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Oblique collisions

Why is the upper bound of e not equal to 1 in this case?Screenshot 2022-05-06 at 09.52.55.pngScreenshot 2022-05-06 at 09.52.35.png
(edited 1 year ago)
Original post by Student 999
Why is the upper bound of e not equal to 1 in this case?


Might be missing something, but I can't see any justfitication for it not being equal to one.
Original post by ghostwalker
Might be missing something, but I can't see any justfitication for it not being equal to one.

Thanks another question I have is what they they mean by momentum exchanged, I've found the impulse of particle A and B which both equals 192mu/25Screenshot 2022-05-06 at 11.26.10.png
(edited 1 year ago)
Original post by Student 999
Thanks another question I have is what they they mean by momentum exchanged, I've found the impulse of particle A and B which both equals 192mu/25Screenshot 2022-05-06 at 11.26.10.png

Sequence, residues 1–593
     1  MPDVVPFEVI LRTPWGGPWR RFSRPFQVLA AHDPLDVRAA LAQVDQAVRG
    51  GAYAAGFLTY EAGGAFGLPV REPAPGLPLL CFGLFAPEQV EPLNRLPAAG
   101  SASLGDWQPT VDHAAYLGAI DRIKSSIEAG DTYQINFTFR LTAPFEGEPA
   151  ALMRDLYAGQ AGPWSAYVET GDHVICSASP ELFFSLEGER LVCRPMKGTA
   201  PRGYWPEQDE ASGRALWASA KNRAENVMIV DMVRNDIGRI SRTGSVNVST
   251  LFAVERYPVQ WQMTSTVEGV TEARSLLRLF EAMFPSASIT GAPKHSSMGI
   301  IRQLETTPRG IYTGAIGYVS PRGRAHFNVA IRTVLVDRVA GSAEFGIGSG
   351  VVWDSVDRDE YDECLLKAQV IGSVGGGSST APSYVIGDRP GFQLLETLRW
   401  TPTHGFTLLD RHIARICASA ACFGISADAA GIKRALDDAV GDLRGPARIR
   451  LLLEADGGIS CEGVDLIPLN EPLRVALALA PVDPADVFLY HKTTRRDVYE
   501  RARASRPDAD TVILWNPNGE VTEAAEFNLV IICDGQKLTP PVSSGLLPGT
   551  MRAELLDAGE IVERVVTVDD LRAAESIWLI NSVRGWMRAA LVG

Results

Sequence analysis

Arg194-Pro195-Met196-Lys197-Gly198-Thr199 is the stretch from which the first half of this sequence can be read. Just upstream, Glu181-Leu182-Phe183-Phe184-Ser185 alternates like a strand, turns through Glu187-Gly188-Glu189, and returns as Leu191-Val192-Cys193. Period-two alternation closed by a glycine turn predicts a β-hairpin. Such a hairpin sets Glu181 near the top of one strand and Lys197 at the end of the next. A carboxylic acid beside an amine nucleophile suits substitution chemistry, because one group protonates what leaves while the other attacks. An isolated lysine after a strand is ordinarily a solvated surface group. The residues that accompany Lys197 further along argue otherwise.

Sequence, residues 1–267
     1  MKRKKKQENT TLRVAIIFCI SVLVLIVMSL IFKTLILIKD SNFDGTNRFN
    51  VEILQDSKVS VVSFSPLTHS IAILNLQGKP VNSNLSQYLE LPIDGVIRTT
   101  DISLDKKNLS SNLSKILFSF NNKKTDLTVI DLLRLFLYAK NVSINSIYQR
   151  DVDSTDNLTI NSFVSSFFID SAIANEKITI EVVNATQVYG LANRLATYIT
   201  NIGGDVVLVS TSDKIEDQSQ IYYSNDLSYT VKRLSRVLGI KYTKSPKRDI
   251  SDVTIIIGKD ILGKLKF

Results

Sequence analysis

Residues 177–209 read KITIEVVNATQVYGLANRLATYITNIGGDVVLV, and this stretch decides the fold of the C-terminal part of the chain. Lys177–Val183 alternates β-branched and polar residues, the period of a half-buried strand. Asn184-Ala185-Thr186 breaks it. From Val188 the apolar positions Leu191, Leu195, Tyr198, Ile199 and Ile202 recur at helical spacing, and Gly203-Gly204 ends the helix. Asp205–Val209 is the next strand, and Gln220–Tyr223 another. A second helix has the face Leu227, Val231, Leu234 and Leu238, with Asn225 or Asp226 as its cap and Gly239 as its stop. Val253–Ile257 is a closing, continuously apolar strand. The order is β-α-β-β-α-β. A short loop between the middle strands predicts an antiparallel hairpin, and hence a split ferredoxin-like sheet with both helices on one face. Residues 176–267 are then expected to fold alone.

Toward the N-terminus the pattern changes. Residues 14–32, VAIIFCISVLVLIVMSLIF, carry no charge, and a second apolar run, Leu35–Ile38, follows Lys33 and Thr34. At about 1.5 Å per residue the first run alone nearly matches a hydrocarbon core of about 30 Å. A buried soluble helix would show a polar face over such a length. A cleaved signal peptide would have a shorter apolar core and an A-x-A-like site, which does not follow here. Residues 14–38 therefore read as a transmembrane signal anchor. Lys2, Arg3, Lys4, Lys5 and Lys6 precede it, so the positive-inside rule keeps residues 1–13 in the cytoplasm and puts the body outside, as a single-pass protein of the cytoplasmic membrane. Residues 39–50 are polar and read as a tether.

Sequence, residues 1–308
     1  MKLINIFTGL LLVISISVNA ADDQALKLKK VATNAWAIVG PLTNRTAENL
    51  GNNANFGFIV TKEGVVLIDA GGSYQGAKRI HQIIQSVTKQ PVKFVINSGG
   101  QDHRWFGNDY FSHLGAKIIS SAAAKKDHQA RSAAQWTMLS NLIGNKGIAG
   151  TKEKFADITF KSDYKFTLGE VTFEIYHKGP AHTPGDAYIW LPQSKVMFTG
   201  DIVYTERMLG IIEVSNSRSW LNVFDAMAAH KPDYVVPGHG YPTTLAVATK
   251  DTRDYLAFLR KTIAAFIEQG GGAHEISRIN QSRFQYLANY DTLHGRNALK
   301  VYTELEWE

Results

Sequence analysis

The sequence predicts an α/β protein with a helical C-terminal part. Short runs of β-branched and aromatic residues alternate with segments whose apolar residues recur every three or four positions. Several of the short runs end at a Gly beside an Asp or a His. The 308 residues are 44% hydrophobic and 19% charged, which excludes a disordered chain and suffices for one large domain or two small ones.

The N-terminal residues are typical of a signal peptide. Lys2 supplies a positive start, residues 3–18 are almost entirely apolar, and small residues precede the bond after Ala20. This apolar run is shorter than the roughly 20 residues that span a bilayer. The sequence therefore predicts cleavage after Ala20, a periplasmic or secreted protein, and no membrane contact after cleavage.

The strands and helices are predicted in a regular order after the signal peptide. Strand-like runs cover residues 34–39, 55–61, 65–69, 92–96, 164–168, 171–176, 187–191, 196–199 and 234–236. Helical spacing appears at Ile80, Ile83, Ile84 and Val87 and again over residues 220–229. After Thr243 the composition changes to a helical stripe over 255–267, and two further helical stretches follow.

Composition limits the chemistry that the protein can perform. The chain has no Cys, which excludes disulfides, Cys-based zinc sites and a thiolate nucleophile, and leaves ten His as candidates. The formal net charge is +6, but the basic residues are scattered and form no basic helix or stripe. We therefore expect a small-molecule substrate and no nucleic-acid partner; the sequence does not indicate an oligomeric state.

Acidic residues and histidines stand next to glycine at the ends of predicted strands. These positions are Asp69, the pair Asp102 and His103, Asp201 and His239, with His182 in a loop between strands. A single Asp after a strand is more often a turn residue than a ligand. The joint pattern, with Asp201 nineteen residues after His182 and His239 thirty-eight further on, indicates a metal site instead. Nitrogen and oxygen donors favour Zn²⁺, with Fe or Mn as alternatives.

It's nothing esoteric.

Impulse equals change in momentum, and one gains it whilst the other loses it, hence they exchange some momentum, equal to the impulse.

Note: Both impulse and momentum are vector quantities, hence, being strictly accurate, we need to talk about magnitude of same here.
(edited 1 year ago)
Original post by ghostwalker
It's nothing esoteric.

Impulse equals change in momentum, and one gains it whilst the other loses it, hence they exchange some momentum, equal to the impulse.

Note: Both impulse and momentum are vector quantities, hence, being strictly accurate, we need to talk about magnitude of same here.

I thought so thanks, both impulses were positive which didn't make sense I must have made a mistake somewhere

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